Earlier this week Greenpeace posted a trailer depicting Nintendo’s Mario holding a Wii, Microsoft’s Master Chief holding
a RROD’ed Xbox 360 and SCEA’s Kratos hit by a PlayStation 3.
No, it’s not the world’s greatest console gaming crossover –
it’s Greenpeace’s jab at the three console giants for their apparent environment
“The games consoles market is one of the fastest growing in
consumer electronics with over 60 million sold and 14 percent growth last year,”
Greenpeace explained on its newly launched Clash of the
Consoles website. “These consoles contain toxic chemicals and can
contribute to the massive growth of electronic waste that's often dumped,
causing widespread environmental pollution and health problems for unprotected
Greenpeace has been pushing for the entire electronics
manufacturing industry to replace the use of toxic chemicals such as brominated
flame retardants (BFRs) and Polyvinyl Chloride (PVC) with safer alternatives, the
environmental group believes that none of the consoles produced by the big three
“We've checked how the environmental performances of Sony,
Microsoft and Nintendo measure up on toxics, recycling and energy use,” said
Greenpeace. “None of these three seems even close to making a greener console.”
Sony has a policy for eliminating the worst toxic chemicals
from its products by 2010, but the policy does not cover PlayStation products,
according to Greenpeace. Sony won marks for having the best take and recycling
programmes, but was criticized for make the most power-hungry gaming console
In August, Sony announced the Sony
Take Back Recycling Program, allowing consumers to recycle all Sony-branded
products – including PlayStations – for no fee at 75 Waste Management Recycle
America eCycling drop-off centers throughout the U.S.
On the other hand, Microsoft has a policy to eliminate
toxicity by 2011 but does not have the voluntary take back program. The Xbox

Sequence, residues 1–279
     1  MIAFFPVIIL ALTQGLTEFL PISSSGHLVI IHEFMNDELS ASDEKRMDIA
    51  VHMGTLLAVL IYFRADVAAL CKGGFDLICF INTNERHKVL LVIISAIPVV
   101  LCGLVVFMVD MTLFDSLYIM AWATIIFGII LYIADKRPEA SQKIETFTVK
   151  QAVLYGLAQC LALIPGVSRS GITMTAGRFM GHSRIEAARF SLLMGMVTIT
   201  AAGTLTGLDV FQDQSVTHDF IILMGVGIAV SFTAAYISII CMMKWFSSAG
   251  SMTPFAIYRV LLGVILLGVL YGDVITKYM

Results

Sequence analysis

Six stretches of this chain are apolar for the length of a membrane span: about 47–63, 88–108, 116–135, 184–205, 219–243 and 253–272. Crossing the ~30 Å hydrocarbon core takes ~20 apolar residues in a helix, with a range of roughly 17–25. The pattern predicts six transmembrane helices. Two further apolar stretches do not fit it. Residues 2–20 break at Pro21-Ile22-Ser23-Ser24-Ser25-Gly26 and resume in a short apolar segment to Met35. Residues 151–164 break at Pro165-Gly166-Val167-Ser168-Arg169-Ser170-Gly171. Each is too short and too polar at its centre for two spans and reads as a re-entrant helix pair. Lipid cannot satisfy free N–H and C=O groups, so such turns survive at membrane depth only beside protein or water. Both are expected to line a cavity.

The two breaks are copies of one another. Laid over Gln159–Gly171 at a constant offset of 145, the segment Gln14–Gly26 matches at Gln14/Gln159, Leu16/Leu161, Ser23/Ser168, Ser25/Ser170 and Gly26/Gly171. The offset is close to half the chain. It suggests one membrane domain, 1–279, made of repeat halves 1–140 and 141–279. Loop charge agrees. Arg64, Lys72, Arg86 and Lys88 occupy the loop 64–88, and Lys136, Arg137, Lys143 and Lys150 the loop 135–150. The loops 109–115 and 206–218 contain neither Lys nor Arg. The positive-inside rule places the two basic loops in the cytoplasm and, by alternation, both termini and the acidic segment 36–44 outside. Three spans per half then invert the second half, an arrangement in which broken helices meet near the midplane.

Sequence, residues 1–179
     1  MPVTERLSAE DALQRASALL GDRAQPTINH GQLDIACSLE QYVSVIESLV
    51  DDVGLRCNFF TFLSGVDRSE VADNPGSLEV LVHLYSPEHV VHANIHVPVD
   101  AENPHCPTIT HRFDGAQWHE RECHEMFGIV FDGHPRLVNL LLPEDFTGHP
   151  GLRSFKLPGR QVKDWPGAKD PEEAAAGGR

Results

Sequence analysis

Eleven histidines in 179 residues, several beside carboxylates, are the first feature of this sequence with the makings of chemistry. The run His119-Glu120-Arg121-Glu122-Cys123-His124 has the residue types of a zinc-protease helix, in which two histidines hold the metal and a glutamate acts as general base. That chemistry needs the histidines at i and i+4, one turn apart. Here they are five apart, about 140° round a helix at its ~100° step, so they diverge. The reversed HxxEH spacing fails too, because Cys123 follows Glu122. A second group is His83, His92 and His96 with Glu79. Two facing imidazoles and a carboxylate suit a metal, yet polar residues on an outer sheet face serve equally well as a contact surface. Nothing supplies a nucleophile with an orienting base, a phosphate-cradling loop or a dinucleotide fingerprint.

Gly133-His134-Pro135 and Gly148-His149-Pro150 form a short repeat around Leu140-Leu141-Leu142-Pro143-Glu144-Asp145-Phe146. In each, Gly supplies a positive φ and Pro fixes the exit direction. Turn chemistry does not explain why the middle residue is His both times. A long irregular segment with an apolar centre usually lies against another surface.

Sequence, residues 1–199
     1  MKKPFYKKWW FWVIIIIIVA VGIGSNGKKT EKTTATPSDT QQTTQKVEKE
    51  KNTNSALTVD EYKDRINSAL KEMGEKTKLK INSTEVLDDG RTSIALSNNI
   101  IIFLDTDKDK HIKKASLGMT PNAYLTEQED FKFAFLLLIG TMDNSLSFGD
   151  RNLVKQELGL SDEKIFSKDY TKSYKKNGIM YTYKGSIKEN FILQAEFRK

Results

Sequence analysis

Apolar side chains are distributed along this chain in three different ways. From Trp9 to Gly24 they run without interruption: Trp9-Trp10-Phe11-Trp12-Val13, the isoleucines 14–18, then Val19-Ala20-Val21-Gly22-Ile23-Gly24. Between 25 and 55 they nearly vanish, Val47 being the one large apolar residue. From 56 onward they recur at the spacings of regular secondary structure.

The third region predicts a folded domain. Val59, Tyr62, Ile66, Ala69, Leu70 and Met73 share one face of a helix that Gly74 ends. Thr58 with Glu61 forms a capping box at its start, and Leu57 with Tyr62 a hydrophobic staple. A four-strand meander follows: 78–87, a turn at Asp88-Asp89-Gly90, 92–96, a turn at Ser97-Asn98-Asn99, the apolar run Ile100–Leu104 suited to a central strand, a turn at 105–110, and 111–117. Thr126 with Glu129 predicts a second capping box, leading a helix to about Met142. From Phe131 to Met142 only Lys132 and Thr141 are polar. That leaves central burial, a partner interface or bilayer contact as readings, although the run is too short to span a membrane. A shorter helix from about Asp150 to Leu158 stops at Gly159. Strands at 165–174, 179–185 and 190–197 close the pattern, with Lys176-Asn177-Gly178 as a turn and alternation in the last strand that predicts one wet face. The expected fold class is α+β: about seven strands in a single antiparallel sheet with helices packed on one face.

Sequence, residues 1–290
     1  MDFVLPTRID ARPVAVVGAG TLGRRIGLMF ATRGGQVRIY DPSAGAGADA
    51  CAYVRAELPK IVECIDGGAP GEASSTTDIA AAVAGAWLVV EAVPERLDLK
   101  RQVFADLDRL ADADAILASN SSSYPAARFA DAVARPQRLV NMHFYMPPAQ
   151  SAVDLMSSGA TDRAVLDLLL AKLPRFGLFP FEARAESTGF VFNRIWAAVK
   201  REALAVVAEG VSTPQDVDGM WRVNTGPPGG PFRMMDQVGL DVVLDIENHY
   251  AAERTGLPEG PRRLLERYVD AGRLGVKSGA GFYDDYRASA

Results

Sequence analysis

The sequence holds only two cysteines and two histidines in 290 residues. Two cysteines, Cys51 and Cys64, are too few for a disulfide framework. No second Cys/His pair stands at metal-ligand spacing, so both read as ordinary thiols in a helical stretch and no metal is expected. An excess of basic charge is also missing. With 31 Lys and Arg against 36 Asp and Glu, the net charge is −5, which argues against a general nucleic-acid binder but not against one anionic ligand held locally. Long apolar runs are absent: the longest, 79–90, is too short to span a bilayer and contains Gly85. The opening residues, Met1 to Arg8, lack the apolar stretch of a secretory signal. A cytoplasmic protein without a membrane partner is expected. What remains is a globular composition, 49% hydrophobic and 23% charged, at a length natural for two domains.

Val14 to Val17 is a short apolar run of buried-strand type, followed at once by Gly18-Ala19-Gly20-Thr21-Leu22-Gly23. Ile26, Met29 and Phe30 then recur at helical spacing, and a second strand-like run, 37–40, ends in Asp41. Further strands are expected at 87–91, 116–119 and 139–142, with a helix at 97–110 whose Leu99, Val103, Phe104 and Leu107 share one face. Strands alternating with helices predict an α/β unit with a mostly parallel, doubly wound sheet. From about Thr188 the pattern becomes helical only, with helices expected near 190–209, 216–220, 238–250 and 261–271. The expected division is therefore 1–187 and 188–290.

360 Elite was also hit for consuming more power (97 watts) than the Wii.
The Wii pleased Greenpeace for its exceptionally low power
consumption (15 watts), at levels at least six times below the other systems,
but Nintendo was condemned as the worst offender on the scale of toxic use,
policy and recycling credits.
Nintendo in November following a report on “greener” electronics. Nintendo
was placed dead last in a list of 18 companies due to the console maker’s lack
of public disclosure on its chemical and recycling policies.
Nintendo expressed surprise at the content of the Greenpeace
report, releasing a statement
saying, “Nintendo takes great care to comply with all relevant regulations on
avoiding the use of dangerous materials, recycling of materials etc. For
example, all Nintendo products supplied worldwide are designed to comply with
relevant global standards.”
The company continued, “In order to certify that Nintendo
products comply with standards for hazardous chemical substances, Nintendo has
established the Green Procurement Standards, which require our component
suppliers certify that any parts including hazardous chemical substances should
not be delivered, and Nintendo fully controls its products in the company.”
Microsoft and Sony have yet to respond to Greenpeace’s
quote: I pay no mind to Greenpeace, but I'm just going to chime in to say that electronic waste is terrible for the environment.